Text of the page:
Washington City Paper is for sale. Chris Ferrell, the CEO of the alt-weekly’s Nashville-based parent company SouthComm, says staffers at the paper learned about it this afternoon.
“We’ve been slowly selling a number of our alt weeklies,” Ferrell says. SouthComm will probably continue to operate the Nashville Scene and some other papers, he says, but it will increasingly focus on “b to b,” or business-to-business-focused outlets. Those are “frankly a better business,” Ferrell says.
Ferrell would like to find a seller by the end of the year. What if that doesn’t happen? “If a buyer doesn’t emerge we’ll have to figure out what to do,” he says, adding: “I think there will be lot of interest in Washington City Paper.”
Southcomm bought City Paper in 2012, following a period in which it was owned by the hedge fund Atalaya Capital Management. Atalaya ended up with City Paper and several other alt-weeklies after a disastrous acquisition by Atlanta-based Creative Loafing, which declared bankruptcy a little over a year after purchasing the venerable DC paper and the Chicago Reader for around $30 million.
Atalaya paid about $5 million for the two papers, plus Creative Loafing’s four other weeklies. It gradually disposed of all the properties. SouthComm, whose purchase price for the papers wasn’t disclosed at the time, still owns Creative Loafing’s Tampa paper but earlier this year sold its Atlanta paper to Ben Eason, whose family founded Creative Loafing and who was the architect of the chain’s ill-fated forays into Washington and Chicago.
The DC sale occurs at a very challenging time for alt-weeklies. The Village Voice announced this summer that it would end its print edition, and weeklies in San Francisco, Philadelphia, and Boston have closed. Baltimore’s City Paper (no relation to DC’s), announced earlier this year that it would close unless it found new ownership.
The weekly newspapers flourished in many cities in the two or three decades before the 2007 recession. Since then they’ve suffered a one-two punch: Many of their most reliable advertisers were swept away by the digital wave, and those that remained found they could get more bang for their buck with targeted ads on Google and Facebook. The display advertising you see on many news stories pays so little that publishers often have to drastically expand their readership to make money, a great challenge for papers that focus strongly on small geographic areas.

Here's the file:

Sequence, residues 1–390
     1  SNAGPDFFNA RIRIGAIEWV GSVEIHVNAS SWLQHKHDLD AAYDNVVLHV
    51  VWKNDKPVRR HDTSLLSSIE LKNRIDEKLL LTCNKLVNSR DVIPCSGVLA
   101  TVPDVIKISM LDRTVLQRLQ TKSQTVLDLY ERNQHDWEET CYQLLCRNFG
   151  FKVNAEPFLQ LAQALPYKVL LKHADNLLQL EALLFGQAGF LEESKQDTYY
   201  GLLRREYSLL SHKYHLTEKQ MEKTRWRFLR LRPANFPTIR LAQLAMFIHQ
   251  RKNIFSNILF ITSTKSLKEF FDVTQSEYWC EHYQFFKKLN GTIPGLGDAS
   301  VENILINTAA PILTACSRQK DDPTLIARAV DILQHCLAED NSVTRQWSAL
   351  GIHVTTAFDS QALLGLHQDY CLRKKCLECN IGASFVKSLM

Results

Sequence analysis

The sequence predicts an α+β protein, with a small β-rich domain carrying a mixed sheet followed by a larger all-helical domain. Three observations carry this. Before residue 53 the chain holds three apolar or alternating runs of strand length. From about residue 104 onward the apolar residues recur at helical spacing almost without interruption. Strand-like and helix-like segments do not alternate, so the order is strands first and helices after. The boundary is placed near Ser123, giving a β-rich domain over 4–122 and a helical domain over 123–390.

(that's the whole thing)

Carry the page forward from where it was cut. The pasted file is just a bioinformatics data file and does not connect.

“I’m pretty bearish on this group of publications,” says Rick Edmonds, media business analyst at the Poynter Institute. “They have the same basic set of problems that newspapers have. And then maybe a couple of their own.” In addition to moving from weekly publication in print to daily publication online with a small staff, many of the segment’s traditional advertisers have found other ways to reach an audience. “The overall advertising concept is not really especially strong,” Edmonds says. “The kinds of numbers you can produce aren’t going to be extremely impressive.”
Reached by phone, Jason Zaragoza, the executive director of the Association of Alternative Newsmedia cautioned against reading too much into the travails of big alts on the East Coast. Of the trade group’s members, “We have quite a few that are doing well,” Zaragoza says. Many have embraced event businesses and specialty publications that appear quarterly. The more successful publishers tend to be “in the smaller to mid-sized markets where the relationship with readers and audience is a lot different than it is in a major market like New York or DC where you have a large transient population” that may not develop much of a loyalty to their alt.
In fact, City Paper’s annual Crafty Bastards fair is a reliable cash cow for the publication. This year’s event will take place in Nationals Park, and Southcomm has cloned it for Nashville and Charleston, South Carolina, where it worked out a deal with the local alt-weekly, which it doesn’t own, to put on a version of the festival. City Paper still owns the trademark on Crafty, but Ferrell says it’s “Too soon to say whether that’s part of a transaction or not.”
So who’s going to buy the publication? Maybe a rich benefactor—several have already been approached—would swoop in and keep City Paper running. It’s still quite strong editorially. Its revenue may be declining but it isn’t a financial basket case, and with careful management (I had a few ideas awhile back) could possibly even start bringing in decent money from its digital efforts.
Alt-weeklies have often doggedly pursued stories other local media have been reluctant to touch, like the Chicago Reader‘s pursuit of its city’s astonishing history of police torture. Also a lot of pretty well-known journalists have gotten their starts or made their names at alt-weeklies–a brief accounting of City Paper‘s alumni includes Katherine Boo and Ta-Nehisi Coates as well as Jake Tapper and Amanda Hess. “That’s something we’re concerned about as well,” Zaragoza says. “Alt-weeklies have traditionally been where people get their start. Without that it is a concerning sign for the future of journalism.”